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Preparing for a Crisis

Sometimes in your social impact journey, regardless of how strategic you've been, something happens that you simply cannot control. It literally sneaks up and catches you off guard. It doesn’t usually happen at the most convenient time, either.

When a crisis occurs, you need to stay on top of what is happening to regain control of the situation and turns things around to get back on track.

A social enterprise crisis can manifest itself in the form of a pandemic, natural disaster, significant financial loss, scandal, or the loss of one or more of the company’s key personnel.

No matter how or when the BIG crisis occurs, it would help if you were prepared with strategies that minimize the company’s risk of crashing. So, let’s assess ways in which you can avert a crisis or quickly bounce back from on in the event that it happens.

Step 1: Assess Risk Factors. Assessing the risk factors that can naturally occur in your business and industry will help you with Step 3. The best way to do this is to take a look at your accounts to see when your peak and low season are for the business. Look at industry statics to assess what others have had issues with to cause their business to fold or have drastic dips in revenue. You can also figure out what your competitors are doing to thrive.

Step 2: Determine Impact. Determining the effects of a crisis on your business is a crucial step to make sure your company has considered every angle of a possible threat. It can also help to make a business case for anyone who does not see the value or issues that can arise due to poor crisis management plan. The plan should include the impact on the business, clients, and stakeholders. E.g.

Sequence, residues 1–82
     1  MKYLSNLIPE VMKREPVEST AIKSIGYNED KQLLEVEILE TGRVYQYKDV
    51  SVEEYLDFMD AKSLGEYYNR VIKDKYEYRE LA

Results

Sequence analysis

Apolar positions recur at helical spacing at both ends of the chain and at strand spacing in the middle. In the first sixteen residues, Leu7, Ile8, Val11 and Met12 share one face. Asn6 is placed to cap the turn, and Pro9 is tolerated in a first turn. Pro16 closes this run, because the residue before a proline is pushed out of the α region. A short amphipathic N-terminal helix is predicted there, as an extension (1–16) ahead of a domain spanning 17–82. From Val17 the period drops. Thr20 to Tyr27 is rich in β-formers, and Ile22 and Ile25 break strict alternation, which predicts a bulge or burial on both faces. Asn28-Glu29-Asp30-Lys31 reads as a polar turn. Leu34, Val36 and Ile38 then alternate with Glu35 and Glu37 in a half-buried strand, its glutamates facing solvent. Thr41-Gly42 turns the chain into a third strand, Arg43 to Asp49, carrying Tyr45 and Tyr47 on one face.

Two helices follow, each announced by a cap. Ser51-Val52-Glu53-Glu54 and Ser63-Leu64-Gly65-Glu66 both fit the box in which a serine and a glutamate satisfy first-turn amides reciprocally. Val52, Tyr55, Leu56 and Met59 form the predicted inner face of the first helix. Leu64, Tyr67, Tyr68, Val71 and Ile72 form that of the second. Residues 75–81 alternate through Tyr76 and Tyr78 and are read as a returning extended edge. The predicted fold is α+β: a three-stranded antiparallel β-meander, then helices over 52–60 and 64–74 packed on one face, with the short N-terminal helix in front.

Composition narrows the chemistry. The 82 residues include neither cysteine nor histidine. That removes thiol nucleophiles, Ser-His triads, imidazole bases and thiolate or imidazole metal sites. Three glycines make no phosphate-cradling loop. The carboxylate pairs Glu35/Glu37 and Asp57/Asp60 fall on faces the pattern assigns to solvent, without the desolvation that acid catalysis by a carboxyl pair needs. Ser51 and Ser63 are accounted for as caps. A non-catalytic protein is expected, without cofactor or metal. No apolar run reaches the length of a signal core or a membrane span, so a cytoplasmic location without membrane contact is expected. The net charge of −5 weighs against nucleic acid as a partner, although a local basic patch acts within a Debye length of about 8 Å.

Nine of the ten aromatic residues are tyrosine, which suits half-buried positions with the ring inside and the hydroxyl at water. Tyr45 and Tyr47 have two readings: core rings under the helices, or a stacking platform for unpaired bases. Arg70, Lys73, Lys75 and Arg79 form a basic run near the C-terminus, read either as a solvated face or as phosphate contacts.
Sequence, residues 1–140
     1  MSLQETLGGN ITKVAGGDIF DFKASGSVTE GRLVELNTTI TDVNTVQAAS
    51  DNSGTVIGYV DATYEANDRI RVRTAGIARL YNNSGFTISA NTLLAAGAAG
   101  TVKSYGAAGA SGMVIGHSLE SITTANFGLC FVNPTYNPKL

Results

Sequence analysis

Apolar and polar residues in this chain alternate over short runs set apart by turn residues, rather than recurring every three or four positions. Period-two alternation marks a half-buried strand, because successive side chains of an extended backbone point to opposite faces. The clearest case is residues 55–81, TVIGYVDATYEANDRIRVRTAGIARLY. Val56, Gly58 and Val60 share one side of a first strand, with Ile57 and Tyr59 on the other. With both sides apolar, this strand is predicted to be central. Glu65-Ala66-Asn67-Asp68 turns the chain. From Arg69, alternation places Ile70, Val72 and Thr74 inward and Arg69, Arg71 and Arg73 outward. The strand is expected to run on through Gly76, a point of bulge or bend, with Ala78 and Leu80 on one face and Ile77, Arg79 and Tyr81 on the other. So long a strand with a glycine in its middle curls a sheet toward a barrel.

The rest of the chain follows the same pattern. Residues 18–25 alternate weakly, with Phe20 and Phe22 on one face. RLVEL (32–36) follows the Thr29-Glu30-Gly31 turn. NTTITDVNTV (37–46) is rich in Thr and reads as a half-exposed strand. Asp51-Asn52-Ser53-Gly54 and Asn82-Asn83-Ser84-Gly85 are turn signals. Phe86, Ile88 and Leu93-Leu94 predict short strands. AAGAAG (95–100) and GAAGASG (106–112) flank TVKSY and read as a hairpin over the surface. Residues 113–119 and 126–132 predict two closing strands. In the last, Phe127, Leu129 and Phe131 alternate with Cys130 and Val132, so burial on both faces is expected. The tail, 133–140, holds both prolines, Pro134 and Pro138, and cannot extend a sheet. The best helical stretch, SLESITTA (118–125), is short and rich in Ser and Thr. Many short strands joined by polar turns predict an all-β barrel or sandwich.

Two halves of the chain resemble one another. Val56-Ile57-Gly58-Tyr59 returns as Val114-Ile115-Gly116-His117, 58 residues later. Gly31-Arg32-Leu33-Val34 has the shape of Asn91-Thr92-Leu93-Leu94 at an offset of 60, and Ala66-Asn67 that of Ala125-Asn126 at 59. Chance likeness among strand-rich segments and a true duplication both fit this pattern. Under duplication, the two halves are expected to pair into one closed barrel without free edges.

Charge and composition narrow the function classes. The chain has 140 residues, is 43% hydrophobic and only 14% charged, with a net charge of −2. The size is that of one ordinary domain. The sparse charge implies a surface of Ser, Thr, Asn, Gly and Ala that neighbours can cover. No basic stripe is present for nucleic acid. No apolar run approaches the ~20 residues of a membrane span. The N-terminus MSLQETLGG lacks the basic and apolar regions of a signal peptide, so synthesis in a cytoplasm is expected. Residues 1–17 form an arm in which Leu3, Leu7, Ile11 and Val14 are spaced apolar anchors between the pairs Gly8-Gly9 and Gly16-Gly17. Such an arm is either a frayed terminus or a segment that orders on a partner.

• Customer Loss

  • Damaged Reputation

  • Lost inventor or sales

  • Increased costs of raw materials

  • Regulatory or licensing fees/fines

Step 3: Advanced Planning. Planning will provide you with some level of security to prevent unnecessary panic in the event of a crisis. It will help you have a step-by-step strategy of what to do and in what order and the people who should be notified. This plan should be shared with all key personnel in the company along with some others discussed below.

Step 4: Appoint a Spokesperson. Depending on the type of crisis, you may need to do some PR. If any statements need to be made to the press, board, clients, etc., you need to be at least two people you can call on to be the face and spokesperson for the company. This person(s) will deduce what to tell all affect by the crisis, including the media. This person must be articulate and knowledgeable about the company’s infrastructure and external activities and must articulate themselves well.

Step 5: Create a Contact List. Have a contact list readily available so that in the event of a crisis, no one is scrambling to figure out how to contact the necessary parties. Here are a few people that you should have on your list:

  • Attorney

  • Banker

  • Financial Advisor

  • Board Members

  • Department heads

  • Spokesperson

Once the plan is complete, revisit it at least once per year, or anything drastic happens in your industry.

Run a crisis drill to pre-test your plan. Take note of how the business faired with the team and stakeholders. Develop a report based on your notes. Include specific recommendations on what could have been done differently to make the process more effective.

Strategically Yours,

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